Presented by The Library of JTS
People of Faith, Land of Promise

Iggeret Orhot Olam
(Epistle on the Ways of the World)
Abraham Farissol
Venice: printed by Giovanni Di Gara, 1587

enlarge image

The earliest known Hebrew reference to the New World appears in this volume of geography and folklore, which was completed in 1525. In the twenty-ninth chapter, which is devoted to the Age of Exploration, Farissol assured readers that the existence of the New World was not a theory, but "an established fact." The rudimentary map shown here, the only illustration in the volume, depicts a triangular-shaped New World and the stellar constellations that sailors used to navigate the Atlantic Ocean. It has been argued that Farissol’s interest in the discovery of the Americas stemmed from his belief that it presented evidence of the impending messianic age.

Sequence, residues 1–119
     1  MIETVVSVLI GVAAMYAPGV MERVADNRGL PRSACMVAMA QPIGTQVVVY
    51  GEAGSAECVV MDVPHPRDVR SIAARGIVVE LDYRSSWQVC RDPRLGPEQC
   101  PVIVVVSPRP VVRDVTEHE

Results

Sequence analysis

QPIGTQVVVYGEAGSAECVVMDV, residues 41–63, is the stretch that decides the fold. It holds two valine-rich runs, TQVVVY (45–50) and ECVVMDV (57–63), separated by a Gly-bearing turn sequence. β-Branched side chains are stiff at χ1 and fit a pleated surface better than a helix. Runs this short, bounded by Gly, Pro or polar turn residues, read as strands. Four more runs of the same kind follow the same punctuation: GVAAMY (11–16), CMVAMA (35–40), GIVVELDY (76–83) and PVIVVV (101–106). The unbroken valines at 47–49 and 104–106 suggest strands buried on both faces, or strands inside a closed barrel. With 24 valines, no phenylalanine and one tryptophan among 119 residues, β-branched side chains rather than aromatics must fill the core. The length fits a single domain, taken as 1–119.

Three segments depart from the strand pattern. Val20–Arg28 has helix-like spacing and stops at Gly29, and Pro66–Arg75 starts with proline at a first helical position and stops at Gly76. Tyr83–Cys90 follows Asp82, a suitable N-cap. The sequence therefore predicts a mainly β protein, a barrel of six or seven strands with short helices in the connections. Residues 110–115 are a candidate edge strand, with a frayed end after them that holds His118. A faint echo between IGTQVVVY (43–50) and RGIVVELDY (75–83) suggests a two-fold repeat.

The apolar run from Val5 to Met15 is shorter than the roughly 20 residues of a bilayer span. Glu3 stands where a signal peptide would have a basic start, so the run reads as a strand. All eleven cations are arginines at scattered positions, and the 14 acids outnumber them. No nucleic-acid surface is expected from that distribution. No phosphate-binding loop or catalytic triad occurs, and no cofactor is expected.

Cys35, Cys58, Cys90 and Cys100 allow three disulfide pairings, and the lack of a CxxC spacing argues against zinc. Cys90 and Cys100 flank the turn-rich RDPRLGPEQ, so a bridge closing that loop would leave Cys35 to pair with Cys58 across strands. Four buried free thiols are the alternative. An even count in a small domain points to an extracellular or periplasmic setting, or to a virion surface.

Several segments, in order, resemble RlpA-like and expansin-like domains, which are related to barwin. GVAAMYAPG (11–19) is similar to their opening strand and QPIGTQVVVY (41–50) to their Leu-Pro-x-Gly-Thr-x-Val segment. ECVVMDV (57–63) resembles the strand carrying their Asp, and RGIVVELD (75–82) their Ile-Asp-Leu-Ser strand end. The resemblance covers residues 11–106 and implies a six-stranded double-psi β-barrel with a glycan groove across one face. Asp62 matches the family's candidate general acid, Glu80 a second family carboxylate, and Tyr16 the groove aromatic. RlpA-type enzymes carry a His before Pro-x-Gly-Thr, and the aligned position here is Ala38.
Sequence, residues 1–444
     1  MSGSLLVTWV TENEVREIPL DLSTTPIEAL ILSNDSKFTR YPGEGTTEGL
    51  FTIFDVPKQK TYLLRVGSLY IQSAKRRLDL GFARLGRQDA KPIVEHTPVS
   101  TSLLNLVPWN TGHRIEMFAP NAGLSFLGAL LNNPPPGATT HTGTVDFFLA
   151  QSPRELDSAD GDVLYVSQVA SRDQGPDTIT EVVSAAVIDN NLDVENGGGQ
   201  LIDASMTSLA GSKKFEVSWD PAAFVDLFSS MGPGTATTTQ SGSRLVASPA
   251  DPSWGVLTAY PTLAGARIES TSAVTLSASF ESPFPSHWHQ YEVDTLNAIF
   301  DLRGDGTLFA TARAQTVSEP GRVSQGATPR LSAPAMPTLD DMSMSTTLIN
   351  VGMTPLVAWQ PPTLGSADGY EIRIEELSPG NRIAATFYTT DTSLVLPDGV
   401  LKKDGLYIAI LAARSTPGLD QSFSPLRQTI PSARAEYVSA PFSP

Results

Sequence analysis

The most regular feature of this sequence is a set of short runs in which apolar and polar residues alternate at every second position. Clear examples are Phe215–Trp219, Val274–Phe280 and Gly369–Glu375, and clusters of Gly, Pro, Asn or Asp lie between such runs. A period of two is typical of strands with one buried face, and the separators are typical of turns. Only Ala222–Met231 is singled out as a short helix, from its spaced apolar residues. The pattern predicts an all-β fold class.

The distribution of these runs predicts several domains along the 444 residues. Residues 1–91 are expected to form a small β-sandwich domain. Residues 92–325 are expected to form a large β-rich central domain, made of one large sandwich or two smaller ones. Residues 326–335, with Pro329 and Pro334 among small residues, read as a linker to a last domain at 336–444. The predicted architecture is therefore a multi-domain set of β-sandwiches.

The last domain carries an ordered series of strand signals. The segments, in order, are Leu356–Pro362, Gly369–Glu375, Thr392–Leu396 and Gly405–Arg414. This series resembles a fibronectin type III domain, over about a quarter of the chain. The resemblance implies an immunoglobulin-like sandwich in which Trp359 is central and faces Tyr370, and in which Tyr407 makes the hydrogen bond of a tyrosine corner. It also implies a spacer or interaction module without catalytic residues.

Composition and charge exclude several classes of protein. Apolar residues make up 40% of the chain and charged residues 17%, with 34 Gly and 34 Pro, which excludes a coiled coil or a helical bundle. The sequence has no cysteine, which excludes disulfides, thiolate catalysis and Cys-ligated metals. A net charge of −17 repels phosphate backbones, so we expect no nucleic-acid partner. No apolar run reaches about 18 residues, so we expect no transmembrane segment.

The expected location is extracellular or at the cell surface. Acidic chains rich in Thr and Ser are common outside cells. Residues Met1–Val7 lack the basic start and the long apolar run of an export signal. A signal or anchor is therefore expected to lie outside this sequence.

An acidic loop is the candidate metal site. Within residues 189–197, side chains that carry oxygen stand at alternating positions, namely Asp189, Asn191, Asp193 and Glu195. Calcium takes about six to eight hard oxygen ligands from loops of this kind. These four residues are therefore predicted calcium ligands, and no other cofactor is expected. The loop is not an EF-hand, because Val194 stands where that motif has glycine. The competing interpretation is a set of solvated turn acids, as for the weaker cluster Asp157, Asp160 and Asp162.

Farissol (ca. 1451-1525), a resident of Italy and a contemporary of Columbus, was a prominent scribe, cantor, polemicist and author. Iggeret Orhot Olam, his most famous work, was first published in 1587 and then eight more times by 1814.